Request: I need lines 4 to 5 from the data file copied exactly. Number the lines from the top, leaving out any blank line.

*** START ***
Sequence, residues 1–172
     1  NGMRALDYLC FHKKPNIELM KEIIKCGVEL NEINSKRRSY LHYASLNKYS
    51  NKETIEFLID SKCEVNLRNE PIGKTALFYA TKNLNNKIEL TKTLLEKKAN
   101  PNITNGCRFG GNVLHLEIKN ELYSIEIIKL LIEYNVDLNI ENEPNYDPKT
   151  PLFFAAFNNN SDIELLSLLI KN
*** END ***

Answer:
   101  PNITNGCRFG GNVLHLEIKN ELYSIEIIKL LIEYNVDLNI ENEPNYDPKT
   151  PLFFAAFNNN SDIELLSLLI KN